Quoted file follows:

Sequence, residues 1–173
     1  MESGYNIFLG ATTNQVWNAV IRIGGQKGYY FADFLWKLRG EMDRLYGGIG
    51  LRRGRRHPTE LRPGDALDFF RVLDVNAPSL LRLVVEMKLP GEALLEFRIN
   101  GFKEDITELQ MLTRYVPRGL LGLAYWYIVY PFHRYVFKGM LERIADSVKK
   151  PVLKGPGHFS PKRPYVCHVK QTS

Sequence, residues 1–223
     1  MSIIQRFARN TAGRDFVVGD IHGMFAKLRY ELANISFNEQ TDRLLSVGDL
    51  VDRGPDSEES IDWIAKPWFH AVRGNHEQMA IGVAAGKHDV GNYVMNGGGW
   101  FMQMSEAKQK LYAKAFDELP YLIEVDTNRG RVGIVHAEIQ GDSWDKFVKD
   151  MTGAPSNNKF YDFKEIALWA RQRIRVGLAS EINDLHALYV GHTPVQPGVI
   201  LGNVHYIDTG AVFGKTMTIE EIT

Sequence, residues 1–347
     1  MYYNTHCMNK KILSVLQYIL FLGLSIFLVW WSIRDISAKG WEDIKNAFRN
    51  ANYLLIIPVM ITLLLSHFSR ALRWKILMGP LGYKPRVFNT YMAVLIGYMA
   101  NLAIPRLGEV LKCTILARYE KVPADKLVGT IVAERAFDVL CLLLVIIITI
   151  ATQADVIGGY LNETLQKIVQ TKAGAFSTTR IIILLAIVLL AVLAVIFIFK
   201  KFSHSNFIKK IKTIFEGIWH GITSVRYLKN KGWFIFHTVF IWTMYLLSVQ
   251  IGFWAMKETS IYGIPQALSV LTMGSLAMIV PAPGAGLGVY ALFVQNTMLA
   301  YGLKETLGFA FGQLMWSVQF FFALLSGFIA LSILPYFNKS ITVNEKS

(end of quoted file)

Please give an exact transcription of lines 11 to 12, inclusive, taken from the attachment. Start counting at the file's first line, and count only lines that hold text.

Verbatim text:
   201  LGNVHYIDTG AVFGKTMTIE EIT

Sequence, residues 1–347